This sets the maximum amount of RAM that ZFS is allowed to use to cache data actively being used by zpools. As shown above, this is currently set at 2GB on seatac and dulles, both of which have 4GB of RAM. Depending on the amount of RAM available on the HA-AFS systems, this amount may be increased to allow more data to be stored in the ARC to increase performance. On the other hand, allowing the ARC to increase too much may decrease performance by limiting the amount of RAM other system process have to use.
Modify zone timeout to 1800 seconds:
svccfg -s system/zones setprop start/timeout_seconds = 1800 exit
Install and boot the zone:
zoneadm -z <zone> install; zlogin -C <zone> zoneadm -z <zone> boot
The installation of the zone here is pretty much a slimmed-down version of a Solaris install and will prompt for the same general questions. The Solaris postinstall (/afs/csl.tjhsst.edu/common/sun/OS_install/postinstall) should be run after this. Keep in mind that not all steps will apply, as things like networking and datasets are handled by the zone's host. As well, any directions that involve the kernel will not apply.
Compile AFS either on the zone host or within the zone.
./configure --enable-namei-fileserver --enable-transarc-paths \ --enable-fast-restart --enable-bitmap-later \ --enable-bos-restricted-mode --enable-bos-new-config \ --enable-supergroups make make dest
- NOTE*** --enable-fast-restart and --enable-bitmap-later will be *deprecated* on the OpenAFS 1.6 branch. There will be new ways of going about having a 'demand attach file server (DAFS)' architecture instead of using these flag options. After a period of time, the OpenAFS team will be making demand attach the default configuration (1.10.x or 2.0.x). This is in active discussion, so the information here may not be 100% accurate. Please check the openafs-devel list for more recent information.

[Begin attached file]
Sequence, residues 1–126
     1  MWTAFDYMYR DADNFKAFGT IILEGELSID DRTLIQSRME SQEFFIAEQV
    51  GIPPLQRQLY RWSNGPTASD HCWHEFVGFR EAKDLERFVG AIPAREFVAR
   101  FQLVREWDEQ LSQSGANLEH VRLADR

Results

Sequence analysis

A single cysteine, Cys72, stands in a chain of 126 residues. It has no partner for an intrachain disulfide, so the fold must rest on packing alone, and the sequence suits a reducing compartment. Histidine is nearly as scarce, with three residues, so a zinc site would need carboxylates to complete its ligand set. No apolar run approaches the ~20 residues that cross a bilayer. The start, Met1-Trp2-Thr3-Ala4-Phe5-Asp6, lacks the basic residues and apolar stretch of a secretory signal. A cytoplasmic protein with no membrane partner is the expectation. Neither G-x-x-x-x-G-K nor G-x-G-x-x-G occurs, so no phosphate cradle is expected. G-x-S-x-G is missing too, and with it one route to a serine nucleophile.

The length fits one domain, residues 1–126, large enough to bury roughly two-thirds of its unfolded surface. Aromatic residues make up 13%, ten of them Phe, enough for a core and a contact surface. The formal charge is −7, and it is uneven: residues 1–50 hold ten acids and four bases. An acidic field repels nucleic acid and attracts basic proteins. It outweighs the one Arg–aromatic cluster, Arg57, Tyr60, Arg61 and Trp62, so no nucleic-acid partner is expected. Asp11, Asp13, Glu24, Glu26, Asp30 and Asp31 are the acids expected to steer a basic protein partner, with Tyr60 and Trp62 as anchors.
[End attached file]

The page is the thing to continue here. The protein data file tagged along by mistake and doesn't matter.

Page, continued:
Install AFS server on the zone
mkdir /usr/afs copy /etc/openafs/server or /usr/afs/etc from another AFS server to /usr/afs/etc - do NOT copy the whole /etc/openafs/ or /usr/afs directory vim NetInfo, change to server's IP cd ~/openafs-1.4*/dest/sun4x_510/root.client/usr/vice/etc cp -p afs.rc /etc/init.d/afs (make sure +x is set) #Comment all kernel and afsd related lines; since this is a zone, these do not apply here cp -r root.client/usr/vice /usr/ ln -s /usr/afs/etc/ThisCell /usr/vice/etc/ThisCell ln -s /usr/afs/etc/CellServDB /usr/vice/etc/CellServDB cp -pr root.server/usr/afs/bin /usr/afs/bin
Install AFS on the zone host
vim /etc/name_to_sysnum, add "afs 65" init 6 cd ~/openafs-1.4*/sun4x_510/root.client/usr/vice/etc cp -p modload/afs.rc /etc/init.d/afs #Comment all afsd related lines here - the kernel lines are really the ones we care about cp -p modload/libafs64.nonfs.o /kernel/fs/sparcv9/afs cd /etc/rc3.d ln -s ../init.d/afs S99afs cd /etc/rc0.d ln -s ../init.d/afs K66afs /etc/init.d/afs start
Before starting AFS on the zone: Make sure BosConfig has the most current options: (see BosConfig.20090215 in /afs/csl.tjhsst.edu/common/sun/afs)
-fileserver: -vattachpar (attach vols in parallel from each vicep) -salvager: -DontSalvage **specify number of viceps; only 1 instance per!
On the zone: